Google Play icon

Research breakthrough: Impaired autophagy associated with age-related macular degeneration

Share
Posted August 22, 2013

A new study published in the prestigious PLoS One journal changes our understanding of the pathogenesis of age-related macular degeneration (AMD). The researchers found that degenerative changes and loss of vision are caused by impaired function of the lysosomal clean-up mechanism, or autophagy, in the fundus of the eye. The results open new avenues for the treatment of the dry form of AMD, which currently lacks an efficient treatment. The University of Eastern Finland played a leading role in the study, which also involved research groups from Italy, Germany and Hungary.

AMD is the most common cause of visual impairment in the Western world, and the number of AMD patients is expected to soar in the upcoming decades. AMD is divided into the dry and wet form of the disease, and 85% of AMD patients suffer from dry AMD. Unfortunately, an efficient treatment involving injections into the eye only exists for the wet form of the disease.

AMD is a storage disease in which harmful protein accumulations develop behind the retina. These accumulations are indicative of the severity of the disease. As the disease progresses, retinal sensory cells in the central vision area are damaged, leading to loss of central vision. The cell biological mechanisms underlying protein accumulations remain largely unknown.

For the first time ever, the present study showed that AMD is associated with impaired lysosomal autophagy, which is an important clean-up mechanism of the fundus of the eye. This renders the cells in the fundus of the eye unable to dispose of old, deformed or otherwise faulty proteins, which, in turn, leads to the development of protein accumulations and loss of vision. The study can be regarded as a breakthrough, as the results change our understanding of the pathogenesis of AMD and also open new avenues for the treatment of the dry form of AMD. Drugs inhibiting the impairment of autophagy could possibly even stop the progression of AMD.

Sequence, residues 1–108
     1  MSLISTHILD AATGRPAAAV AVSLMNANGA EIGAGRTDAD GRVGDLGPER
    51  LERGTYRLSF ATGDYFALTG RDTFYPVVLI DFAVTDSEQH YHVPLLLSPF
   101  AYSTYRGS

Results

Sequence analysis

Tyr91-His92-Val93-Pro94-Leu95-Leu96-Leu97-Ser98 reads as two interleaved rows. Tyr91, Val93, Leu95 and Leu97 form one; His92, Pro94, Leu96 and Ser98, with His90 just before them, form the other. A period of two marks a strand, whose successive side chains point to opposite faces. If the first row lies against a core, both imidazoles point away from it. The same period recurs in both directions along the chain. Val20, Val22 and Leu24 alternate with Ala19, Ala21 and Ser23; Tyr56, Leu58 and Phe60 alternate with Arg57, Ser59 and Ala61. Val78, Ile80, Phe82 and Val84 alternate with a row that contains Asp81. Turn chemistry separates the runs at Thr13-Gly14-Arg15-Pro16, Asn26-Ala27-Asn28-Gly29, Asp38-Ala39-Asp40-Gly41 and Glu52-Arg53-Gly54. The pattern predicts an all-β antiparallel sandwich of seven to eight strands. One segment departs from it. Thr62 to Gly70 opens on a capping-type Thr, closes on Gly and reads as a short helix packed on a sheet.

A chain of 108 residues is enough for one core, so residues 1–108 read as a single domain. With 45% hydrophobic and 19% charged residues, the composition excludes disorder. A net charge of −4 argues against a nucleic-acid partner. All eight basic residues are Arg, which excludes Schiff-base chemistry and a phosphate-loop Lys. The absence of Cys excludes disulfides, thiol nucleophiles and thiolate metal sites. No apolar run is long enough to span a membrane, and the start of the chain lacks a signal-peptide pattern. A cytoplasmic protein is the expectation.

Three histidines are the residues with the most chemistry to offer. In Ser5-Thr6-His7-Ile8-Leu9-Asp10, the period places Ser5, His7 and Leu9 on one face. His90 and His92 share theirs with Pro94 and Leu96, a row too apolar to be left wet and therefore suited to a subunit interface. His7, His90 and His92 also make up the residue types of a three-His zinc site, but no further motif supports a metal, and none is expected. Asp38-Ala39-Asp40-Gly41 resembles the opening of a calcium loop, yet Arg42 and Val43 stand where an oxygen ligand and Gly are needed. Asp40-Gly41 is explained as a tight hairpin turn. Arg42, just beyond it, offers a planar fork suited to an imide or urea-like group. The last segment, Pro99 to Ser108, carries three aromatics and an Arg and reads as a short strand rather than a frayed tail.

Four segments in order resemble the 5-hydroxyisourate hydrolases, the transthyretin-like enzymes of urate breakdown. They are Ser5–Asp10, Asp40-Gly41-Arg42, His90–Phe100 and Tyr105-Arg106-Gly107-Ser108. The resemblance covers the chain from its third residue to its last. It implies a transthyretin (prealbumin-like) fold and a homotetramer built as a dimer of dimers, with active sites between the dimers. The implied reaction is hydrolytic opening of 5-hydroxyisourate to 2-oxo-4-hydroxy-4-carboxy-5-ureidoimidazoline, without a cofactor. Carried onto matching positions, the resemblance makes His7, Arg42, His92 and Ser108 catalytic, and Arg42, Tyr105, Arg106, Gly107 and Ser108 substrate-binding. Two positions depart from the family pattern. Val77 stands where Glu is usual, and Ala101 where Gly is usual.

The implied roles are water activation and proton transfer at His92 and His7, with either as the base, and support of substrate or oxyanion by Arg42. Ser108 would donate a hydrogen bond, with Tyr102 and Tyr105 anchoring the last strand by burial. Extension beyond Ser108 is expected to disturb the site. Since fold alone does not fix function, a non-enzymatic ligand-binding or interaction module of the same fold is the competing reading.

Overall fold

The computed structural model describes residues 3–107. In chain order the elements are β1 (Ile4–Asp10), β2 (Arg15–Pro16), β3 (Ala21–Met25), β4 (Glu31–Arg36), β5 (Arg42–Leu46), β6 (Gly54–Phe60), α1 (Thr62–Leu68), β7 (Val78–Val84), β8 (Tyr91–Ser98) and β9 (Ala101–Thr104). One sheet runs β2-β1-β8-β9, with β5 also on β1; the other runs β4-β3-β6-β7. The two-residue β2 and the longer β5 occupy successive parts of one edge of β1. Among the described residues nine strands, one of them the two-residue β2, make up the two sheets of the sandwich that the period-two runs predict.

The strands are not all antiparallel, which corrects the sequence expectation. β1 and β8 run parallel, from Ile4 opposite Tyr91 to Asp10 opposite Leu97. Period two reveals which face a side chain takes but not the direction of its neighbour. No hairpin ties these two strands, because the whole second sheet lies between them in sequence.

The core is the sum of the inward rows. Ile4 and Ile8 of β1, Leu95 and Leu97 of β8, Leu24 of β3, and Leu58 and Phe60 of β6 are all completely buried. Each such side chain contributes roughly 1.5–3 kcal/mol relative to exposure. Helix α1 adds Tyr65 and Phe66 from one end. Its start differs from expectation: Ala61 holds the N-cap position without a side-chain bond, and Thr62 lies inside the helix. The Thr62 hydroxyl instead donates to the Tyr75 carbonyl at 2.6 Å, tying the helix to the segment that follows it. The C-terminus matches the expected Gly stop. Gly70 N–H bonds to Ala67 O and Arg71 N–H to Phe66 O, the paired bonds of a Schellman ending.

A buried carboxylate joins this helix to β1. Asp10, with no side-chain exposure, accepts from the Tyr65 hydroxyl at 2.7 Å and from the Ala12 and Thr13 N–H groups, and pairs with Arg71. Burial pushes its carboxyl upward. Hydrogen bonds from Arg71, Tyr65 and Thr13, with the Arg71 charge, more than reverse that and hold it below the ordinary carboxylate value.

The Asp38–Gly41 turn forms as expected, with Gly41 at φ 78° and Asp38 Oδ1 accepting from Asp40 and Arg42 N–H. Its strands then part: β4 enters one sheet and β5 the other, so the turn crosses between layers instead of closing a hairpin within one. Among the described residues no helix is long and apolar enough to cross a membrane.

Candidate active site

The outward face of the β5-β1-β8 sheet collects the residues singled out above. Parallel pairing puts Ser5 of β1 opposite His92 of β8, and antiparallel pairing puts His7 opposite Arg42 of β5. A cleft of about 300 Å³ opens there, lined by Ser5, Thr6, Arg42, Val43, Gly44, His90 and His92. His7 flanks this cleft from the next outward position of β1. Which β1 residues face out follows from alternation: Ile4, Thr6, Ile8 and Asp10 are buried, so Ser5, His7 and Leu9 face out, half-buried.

Source: UEF

Featured news from related categories:

Technology Org App
Google Play icon
84,754 science & technology articles

Most Popular Articles

  1. Real Artificial Gravity for SpaceX Starship (September 17, 2019)
  2. Top NASA Manager Says the 2024 Moon Landing by Astronauts might not Happen (September 19, 2019)
  3. How social media altered the good parenting ideal (September 4, 2019)
  4. What's the difference between offensive and defensive hand grenades? (September 26, 2019)
  5. Just How Feasible is a Warp Drive? (September 25, 2019)

Follow us

Facebook   Twitter   Pinterest   Tumblr   RSS   Newsletter via Email